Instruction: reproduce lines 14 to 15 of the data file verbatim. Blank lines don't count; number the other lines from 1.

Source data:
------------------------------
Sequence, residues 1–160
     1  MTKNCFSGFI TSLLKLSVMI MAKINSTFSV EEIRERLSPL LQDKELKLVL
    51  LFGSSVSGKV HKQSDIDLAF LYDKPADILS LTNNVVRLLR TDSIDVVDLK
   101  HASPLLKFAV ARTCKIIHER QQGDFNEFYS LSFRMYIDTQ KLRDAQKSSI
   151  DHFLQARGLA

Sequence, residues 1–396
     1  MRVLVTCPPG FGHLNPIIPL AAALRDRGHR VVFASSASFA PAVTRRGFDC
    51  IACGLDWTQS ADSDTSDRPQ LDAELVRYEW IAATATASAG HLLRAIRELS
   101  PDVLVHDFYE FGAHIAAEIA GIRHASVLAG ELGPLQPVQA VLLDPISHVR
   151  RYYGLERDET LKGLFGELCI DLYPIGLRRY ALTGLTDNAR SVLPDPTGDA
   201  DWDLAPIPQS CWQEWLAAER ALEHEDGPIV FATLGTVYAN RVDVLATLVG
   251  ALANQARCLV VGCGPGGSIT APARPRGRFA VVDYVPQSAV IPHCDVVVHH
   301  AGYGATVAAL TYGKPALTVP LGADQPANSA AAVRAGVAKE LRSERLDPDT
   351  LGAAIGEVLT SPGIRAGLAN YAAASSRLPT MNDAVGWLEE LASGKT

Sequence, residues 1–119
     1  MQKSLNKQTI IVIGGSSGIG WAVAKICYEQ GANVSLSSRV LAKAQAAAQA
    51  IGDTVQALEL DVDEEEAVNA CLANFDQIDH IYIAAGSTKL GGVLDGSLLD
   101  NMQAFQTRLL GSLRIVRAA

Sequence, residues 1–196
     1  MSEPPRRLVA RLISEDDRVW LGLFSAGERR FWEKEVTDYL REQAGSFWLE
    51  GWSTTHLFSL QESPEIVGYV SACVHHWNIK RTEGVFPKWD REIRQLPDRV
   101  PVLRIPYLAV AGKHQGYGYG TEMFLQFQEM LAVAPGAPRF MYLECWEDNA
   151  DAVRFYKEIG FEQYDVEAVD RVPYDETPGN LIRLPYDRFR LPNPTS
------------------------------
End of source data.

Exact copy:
   351  LGAAIGEVLT SPGIRAGLAN YAAASSRLPT MNDAVGWLEE LASGKT

Sequence, residues 1–119